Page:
marks bassist and educator Kermit Driscoll's freshman solo outing, and features his longtime associate, guitarist Bill Frisell
. As a member of Frisell's dynamic trio with drummer Joey Baron
, the term cutting-edge took on notorious implications. Similar forward-reaching concepts are explored throughout this multidimensional program. Mildly surprising is the inclusion of Vinnie Colaiuta
, though the all-universe pop, jazz and rock session drummer is quite adroit at handling the freer sojourns, where his polyrhythmic assaults and propelling beats distribute a broad rhythmic plane.
The quartet kicks off the festivities with the rangy, fuzoid, funk-tinged "Boomstatz," abetted by Frisell's hard-edged country blues lines and Colaiuta's firm backbeats and blithe gait. Ominously soulful, the musicians exercise an off-center line of attack, serving as the antithesis to familiar territory. Moving forward, the quartet's spunky grooves are contrasted by avant deviations and quirky, theme-building mechanisms.
Ardent Frisell fans should welcome the distortion-laced phrasings, laid out with crunching chop chords, snaky leads and a few upper-register reverse engineering invectives, especially since he's been exploring quitter and gentler persuasions the past several years. With his penchant for merging Americana elements with blues, jazz and contemporary chamber, this recording suggests a homecoming of sorts, namely when he turns up the heat on electric. Moreover, Driscoll and Colaiuta are a particularly strong rhythmic team as they align an authoritative presence with slippery detours and fuel the fire with power-building dynamics.
On "Ire," the soloists pursue unorthodox chord voicings and straddle an avant-gardist muse. At times, Frisell generates remembrances of the late, great British improvising guitarist Derek Bailey
; while Driscoll's creaky arco patterns intimate traces of angst. However, the artists synchronize the outside schematics with tangible frameworks and don't let matters proceed to a point of no return.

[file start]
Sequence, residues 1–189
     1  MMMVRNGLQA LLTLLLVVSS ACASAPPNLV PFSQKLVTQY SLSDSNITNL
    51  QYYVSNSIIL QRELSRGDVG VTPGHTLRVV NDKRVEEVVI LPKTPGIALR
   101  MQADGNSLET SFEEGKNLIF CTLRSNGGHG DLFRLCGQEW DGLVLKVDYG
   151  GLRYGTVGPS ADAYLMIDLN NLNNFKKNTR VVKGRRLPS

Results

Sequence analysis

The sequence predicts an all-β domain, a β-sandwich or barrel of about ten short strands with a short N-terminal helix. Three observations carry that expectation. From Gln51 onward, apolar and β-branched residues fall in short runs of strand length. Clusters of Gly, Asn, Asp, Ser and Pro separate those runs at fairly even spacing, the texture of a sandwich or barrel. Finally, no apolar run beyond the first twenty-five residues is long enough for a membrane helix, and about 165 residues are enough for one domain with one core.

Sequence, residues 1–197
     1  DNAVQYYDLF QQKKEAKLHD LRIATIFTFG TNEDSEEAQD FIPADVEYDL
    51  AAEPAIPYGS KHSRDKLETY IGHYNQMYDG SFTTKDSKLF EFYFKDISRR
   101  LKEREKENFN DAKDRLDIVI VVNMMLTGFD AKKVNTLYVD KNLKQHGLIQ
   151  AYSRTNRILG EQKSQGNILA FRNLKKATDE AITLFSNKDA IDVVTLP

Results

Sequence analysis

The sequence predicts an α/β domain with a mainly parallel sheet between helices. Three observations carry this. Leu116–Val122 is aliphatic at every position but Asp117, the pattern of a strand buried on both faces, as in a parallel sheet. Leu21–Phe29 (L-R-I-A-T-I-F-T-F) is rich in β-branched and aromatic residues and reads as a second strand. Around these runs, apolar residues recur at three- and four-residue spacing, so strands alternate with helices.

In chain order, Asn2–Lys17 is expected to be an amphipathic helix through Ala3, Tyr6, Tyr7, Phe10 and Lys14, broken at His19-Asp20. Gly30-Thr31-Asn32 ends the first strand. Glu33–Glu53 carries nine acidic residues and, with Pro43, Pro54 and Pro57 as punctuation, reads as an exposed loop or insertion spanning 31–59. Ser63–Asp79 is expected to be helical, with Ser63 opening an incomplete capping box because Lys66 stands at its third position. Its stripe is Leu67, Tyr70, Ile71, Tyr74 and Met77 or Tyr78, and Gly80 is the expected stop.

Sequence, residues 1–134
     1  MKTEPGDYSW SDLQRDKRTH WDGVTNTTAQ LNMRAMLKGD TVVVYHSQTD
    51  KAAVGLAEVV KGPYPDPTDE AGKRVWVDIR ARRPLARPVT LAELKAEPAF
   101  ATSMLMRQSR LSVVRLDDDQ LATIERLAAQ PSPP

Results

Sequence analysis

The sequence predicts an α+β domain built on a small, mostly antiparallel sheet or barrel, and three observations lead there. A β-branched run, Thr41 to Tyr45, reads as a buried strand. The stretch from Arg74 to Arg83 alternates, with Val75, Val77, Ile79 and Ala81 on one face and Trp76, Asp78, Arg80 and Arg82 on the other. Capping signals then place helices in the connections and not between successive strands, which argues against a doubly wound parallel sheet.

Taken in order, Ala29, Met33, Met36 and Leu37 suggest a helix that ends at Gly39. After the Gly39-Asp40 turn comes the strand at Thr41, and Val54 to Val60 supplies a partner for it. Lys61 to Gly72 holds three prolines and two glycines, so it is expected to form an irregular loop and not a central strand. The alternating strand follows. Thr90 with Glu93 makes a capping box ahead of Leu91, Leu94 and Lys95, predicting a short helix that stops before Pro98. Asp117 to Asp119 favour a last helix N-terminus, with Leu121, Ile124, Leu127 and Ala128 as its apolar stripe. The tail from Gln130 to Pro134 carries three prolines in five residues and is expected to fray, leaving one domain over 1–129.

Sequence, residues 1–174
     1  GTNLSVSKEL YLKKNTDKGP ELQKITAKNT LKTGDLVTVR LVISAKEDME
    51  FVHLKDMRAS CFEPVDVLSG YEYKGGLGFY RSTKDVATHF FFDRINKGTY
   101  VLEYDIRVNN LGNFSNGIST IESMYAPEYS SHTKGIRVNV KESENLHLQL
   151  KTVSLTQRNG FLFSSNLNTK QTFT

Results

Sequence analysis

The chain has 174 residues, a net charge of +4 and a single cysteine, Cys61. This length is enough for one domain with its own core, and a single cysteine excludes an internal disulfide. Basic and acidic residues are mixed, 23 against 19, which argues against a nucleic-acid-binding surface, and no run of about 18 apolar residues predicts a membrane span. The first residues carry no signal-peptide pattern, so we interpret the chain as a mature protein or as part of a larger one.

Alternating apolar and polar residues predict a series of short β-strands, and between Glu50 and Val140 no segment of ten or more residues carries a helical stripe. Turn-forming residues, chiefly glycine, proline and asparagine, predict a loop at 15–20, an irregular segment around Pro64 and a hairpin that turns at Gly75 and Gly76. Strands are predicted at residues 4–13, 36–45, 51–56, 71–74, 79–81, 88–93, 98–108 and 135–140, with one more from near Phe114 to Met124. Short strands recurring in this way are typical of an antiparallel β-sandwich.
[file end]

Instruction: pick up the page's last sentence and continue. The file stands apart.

Pianist Kris Davis
stretches out via mesmeric phrasings, animated single note runs and variable cadences during "Hekete." In addition, the quartet pronounces a slightly foreboding vista, yet smoothes it out by segueing into a crisp swing vamp, countered with bluesy overtones. Contrasts abound with "Great Expectations," as the guitarist puts the pedal to the metal amid doomsday chops, atop Driscoll's thunderous lines.
Driscoll's extensive and impressive discography spans the New York Philharmonic; outings with renegade saxophonist, composer John Zorn; and the crème de la crème of progressive-jazz instrumentalistsall translating into a boundless creative forum. Reveille
encapsulates his unobstructed music vernacular in prominent fashion, the bassist equalizing austerity with a spirited sense of entertainment, in concert with the musicians' superior technical faculties. Thankfully, Driscoll renders an agenda that resists categorization, and is complemented by the pristinely engineered audio processing that simply adds to the interminable qualities of this first-class venture. A top-five pick for 2011.